“If you read local histories of Boiling Springs and then-Gardner-Webb College, you will find no mention of the ill-advised use of dynamite. Even today, seven decades later, older residents are reluctant to talk about what occurred. The exact details are sketchy, but the essence is that during the 1940s, the town fathers wanted to promote the “boiling spring” (there was actually only one) as a major tourist attraction, a Southern version of Yellowstone’s Old Faithful. The only problem, a rather significant one, was that while Yellowstone’s geyser boiled up 50 feet, the town’s spring topped out at 24 inches — on a good day.
“Enter Boiling Springs High School’s chemistry teacher. The novelist in me loves to imagine this scene: The town elders gather in a classroom as the eccentric teacher begins to clutter a chalkboard with formulas and symbols. His listeners are skeptical at first, but slowly they are won over by the periodic table’s arcane vocabulary. After finishing at the board, the teacher corroborates the future spring’s height and velocity with his slide rule. Then he lets the town fathers pass the slide rule around so they can see for themselves that what is being proposed is not a theory but a mathematical fact.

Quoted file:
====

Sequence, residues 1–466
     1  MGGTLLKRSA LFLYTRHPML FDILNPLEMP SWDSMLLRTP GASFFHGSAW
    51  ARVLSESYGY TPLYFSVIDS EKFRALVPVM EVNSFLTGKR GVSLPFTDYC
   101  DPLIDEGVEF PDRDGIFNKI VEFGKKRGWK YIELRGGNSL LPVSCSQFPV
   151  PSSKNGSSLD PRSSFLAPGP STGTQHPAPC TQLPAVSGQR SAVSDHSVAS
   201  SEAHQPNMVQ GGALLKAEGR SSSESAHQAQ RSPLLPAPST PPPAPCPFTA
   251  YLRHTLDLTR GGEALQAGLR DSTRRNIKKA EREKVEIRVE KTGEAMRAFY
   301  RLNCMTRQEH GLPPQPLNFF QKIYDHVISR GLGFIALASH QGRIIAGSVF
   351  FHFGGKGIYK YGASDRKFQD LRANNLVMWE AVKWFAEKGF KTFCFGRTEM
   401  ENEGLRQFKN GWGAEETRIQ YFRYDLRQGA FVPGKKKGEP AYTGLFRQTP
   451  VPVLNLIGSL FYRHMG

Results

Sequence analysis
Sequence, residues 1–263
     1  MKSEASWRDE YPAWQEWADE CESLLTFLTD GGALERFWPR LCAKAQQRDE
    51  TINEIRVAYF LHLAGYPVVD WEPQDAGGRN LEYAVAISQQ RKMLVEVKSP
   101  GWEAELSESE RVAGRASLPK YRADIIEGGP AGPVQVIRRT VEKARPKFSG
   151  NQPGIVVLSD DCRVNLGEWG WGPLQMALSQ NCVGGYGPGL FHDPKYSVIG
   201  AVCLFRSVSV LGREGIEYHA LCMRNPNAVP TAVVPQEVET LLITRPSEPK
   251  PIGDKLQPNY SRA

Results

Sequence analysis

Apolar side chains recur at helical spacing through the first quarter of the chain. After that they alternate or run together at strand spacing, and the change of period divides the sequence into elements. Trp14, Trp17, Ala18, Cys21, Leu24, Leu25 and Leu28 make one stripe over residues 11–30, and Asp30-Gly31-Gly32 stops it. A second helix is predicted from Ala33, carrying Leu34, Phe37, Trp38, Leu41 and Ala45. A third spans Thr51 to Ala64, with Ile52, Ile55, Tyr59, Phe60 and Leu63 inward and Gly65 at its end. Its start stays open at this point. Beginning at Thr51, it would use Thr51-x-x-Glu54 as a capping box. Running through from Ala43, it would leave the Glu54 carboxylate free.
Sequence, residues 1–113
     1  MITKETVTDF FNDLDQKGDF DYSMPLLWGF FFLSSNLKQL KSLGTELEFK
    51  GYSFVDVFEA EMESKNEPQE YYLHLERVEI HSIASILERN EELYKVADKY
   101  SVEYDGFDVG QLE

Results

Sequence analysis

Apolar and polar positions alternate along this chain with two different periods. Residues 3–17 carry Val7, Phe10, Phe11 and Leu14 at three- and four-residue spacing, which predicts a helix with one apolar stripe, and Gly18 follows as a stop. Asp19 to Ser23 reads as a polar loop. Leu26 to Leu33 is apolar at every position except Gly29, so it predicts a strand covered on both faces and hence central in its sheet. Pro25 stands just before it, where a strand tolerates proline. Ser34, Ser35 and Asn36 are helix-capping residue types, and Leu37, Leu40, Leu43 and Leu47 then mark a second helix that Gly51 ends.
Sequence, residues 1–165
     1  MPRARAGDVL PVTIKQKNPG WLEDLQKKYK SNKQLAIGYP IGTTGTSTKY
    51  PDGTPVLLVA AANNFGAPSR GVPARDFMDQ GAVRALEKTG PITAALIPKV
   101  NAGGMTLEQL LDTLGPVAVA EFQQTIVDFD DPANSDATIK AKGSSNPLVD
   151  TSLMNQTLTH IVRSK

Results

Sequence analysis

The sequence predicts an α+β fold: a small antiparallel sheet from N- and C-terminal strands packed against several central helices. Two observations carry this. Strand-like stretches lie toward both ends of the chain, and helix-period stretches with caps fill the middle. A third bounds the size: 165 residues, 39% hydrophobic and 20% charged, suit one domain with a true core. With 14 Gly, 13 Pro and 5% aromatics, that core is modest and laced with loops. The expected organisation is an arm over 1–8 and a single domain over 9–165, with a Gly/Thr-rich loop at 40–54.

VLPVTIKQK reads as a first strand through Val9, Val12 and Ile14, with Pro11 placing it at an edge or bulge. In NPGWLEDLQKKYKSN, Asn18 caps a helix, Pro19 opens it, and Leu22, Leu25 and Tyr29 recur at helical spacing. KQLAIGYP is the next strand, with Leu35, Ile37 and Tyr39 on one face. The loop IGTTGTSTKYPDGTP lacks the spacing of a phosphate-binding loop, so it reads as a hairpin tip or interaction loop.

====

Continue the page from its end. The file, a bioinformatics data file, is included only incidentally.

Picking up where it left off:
“Whatever was said or shown that day, the plan passed. A time was set, the required materials gathered. Most of the town fathers were storeowners or landowners, so surely visions of crowded stores and land booms filled their heads when, days later, the chemistry teacher planted dynamite sticks in and around the spring. I’d like to think that shortly before pushing the detonator, the mayor made a speech about the necessity of progress. After the smoke cleared, the boiling spring, now not even a gurgle, lay flat and calm as water in a sauce pan. It has remained that way ever since.”
— From “Lost Moments in Basketball History,” a reminiscence about David Thompson by Ron Rash in Grantland